How to Be a Dad

How to Be a Dad

You Ain’t Smarter, Dudes!

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Dear People of Earth,

Meet Tanishq. He is a pretty normal eight-year-old kid. You know: Excitable. Loves to play. Loves to sing. HE’S A COLLEGE STUDENT.

Both he and his sister were accepted into Mensa at the age of four. He currently studies in college and is absolutely smarter than you are. He gets better grades than most of the other students in his Astronomy 301 class. He’s brilliant.

His family is eager and supportive about their prodigy children, but they are finding, much like parents of kids with learning disabilities, that there are not enough resources for their children. This makes me sad, on both accounts. Kids should be given every opportunity to improve and understand themselves, the world around them and their limits.

Tanishq has bold dreams and wants to explore the reaches of his intellect. Honestly, that both scares and uplifts me because I know we all have our selfish wishes for our kids. But we have to look ahead of our own expectations and limitations to give them the best life we can provide.

ME DUMB. ME WISH ME WERE SMARTER SO ME COULD MAKE ME KID SMARTER.

SQUISHES,

CHARLIE

We’re on Google Plus!
Maybe you’ll become smarterererer for circling us, or whatever you do there. 

8 Comments

8 Responses to “You Ain’t Smarter, Dudes!”

  1. I started pushing my (now) 7 year old when she first started nursery. After around a year of getting her to count, recognise numbers etc. I could see I was stressing her out.
    I decided to leave it to the school to educate her, only involving myself when she requested me to. She does occassionally ask, when she wants me to set some basic maths problems for her, or when she asks me if what she has written makes any sense.
    You see, I had ideas of greatness for my kid, and hoped that pushing her a little would advance her a little for when she started school proper, you know, just give her that little edge.
    What I had lost sight of was the fact she was a KID, and kids like to play. I also lost sight of the fact that she will also learn thru’ play (as all kids will do).
    As it stands, the school are doing a good job, Aimee is getting above average grades for her year.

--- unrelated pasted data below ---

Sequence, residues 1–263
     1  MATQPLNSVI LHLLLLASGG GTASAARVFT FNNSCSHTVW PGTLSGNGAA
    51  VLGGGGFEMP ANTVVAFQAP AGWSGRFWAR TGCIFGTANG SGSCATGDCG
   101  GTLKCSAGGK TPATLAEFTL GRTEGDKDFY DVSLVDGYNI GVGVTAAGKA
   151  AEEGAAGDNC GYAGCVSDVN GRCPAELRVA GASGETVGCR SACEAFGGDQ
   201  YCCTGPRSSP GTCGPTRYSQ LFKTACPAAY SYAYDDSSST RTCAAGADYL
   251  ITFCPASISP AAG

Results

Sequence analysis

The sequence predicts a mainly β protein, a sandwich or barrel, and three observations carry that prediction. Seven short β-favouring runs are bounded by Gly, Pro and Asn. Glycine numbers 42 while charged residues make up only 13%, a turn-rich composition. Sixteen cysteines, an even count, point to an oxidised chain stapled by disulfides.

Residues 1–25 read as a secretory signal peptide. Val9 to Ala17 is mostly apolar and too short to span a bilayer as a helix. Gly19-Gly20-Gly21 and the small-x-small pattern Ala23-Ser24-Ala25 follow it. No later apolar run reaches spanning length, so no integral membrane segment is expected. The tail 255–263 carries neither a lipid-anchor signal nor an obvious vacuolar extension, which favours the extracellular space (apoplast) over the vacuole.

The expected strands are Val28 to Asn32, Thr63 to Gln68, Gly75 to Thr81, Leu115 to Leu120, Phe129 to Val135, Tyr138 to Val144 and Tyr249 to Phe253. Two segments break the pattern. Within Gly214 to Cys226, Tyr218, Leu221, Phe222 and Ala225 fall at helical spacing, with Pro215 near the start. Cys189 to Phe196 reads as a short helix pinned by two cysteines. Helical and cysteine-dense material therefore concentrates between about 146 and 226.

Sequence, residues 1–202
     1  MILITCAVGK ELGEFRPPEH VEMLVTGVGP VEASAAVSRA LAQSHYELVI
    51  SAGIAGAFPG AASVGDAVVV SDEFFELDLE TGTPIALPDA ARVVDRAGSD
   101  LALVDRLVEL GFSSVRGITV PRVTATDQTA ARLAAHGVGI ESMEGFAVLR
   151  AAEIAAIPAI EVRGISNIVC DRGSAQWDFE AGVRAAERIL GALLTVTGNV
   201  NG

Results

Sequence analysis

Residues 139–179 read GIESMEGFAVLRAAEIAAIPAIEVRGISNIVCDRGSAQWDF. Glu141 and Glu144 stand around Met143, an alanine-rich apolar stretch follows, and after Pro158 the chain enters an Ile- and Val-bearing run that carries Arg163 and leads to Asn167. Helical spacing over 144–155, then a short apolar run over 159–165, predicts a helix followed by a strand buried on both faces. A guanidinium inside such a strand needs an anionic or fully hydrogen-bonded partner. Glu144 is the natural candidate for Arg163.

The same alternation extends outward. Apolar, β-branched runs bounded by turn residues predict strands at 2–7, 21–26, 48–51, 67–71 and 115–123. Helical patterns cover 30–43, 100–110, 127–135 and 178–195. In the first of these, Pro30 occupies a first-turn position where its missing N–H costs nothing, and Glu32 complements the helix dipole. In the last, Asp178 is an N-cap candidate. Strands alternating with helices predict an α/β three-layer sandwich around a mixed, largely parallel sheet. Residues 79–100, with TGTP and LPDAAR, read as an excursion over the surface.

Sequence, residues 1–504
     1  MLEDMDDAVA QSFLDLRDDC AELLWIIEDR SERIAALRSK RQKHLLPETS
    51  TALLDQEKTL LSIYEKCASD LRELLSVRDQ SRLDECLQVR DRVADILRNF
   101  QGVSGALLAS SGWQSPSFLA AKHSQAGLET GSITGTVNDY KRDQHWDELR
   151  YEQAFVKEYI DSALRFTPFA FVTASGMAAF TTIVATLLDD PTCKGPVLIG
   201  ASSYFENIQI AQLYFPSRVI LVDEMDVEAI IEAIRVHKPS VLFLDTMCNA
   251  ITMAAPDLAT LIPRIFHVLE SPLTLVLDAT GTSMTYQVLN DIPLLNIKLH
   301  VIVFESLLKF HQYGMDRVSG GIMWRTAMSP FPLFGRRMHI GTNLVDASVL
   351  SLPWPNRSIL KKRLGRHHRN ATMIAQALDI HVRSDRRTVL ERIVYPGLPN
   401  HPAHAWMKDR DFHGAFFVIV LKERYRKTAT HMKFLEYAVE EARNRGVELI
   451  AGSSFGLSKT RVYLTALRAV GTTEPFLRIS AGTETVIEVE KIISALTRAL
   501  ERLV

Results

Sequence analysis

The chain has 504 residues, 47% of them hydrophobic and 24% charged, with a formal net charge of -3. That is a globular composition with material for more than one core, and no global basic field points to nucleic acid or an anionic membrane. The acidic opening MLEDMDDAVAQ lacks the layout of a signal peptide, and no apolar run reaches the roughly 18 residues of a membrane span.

Just remember guys, let your kids take the lead, let them be kids and play, but be ready to “assist” when they ask for it and they won’t go far wrong.

  2. Josie Coco says:

    Hey Charlie. Good luck with that. If it’s any consolation, in my opinion kids always know more than us. It’s our job to elevate the platform that they come in on…aka evolution. Let him show you how it’s done. The education system won’t help him, but you helping explore the world will provide the stimulation he needs to direct him where he wants to go. He’ll take you there.

  3. John says:

    I bet I could beat him in a fist fight….

  4. char says:

    anyone else think he reminds you of a young Sheldon Cooper?

  5. Melinda says:

    Thank you for acknowledging it is frustrating at both end of the learning spectrum. (but really, it’s difficult for ALL parents).
    My kids aren’t as smart as this kid, but they are both above grade level for math and science. Enough so that the principal begged us to have the younger one skip a grade. Trying to find ways to challenge kids like these is time consuming and expensive. Unlike many families with kids who have ADD or more severe disabilities, we are not eligible for any kind of government aid.
    Yes, I know many will say “oh, boo hoo”. But the US continually lags behind in science and math scores precisely because gifted kids often have no resources to help and encourage them. We are lucky enough that we are able to supplement some…but what about kids in inner cities, or kids who’s parents are immigrants? They’re smart too, but often fall through the cracks becuase no one in the public school system knows how to help, or there is no money. These kids could potentially find cures for malaria, or discover better alternative energy sources. Assuming they are lucky enough to have parents that have the resources that will help them to do so.

  6. Josie Coco says:

    I agree with Paul. Let your kids take the lead. Our education systems are not about education, they are about producing good employees for the current economic trends. Education comes from discovery. Discovery is self-driven. If you never sent your kids to school and allowed them to be involved in the world with you beside them to assist and respond they would achieve way more than being dumbed down by an education system where one size fits all. This kid already knows that the education system is a waste of his time. Personally I think that here are better ways to educate children than sending them to school. it doesn’t cost a lot of money, but does take your time. Search for alternatives to schooling. Try unschooling. I wish I had the courage and knowledge to take my son out of the system.

  7. Julie says:

    I have been researching/reading about gifted kids in the past year as I suspected my young daughter to maybe be one of them. A third of these kids excel in their life, 1/3 have normal-average carrer path and another 1/3 are drop-outs, rebellious. As Paul says, if you are gifted, like a sponge, you’ll get the best out of everything even without being pushed. And pushing a kid who is not ready will do nothing but discouraging him from learning.

    Yougn daughter has just turned 2 and I can see somehow she is frustrated not being “able” to play with the older ones. I feel like I am dealing with an older child and it’s not always easy. She has character (that’s a + and a -!) I find raising a gifted child makes me a proud parent, but at the same, is a lot more challenging and time-consumming but their little brains cant stop working for 2 seconds. Be ready to be challenged…

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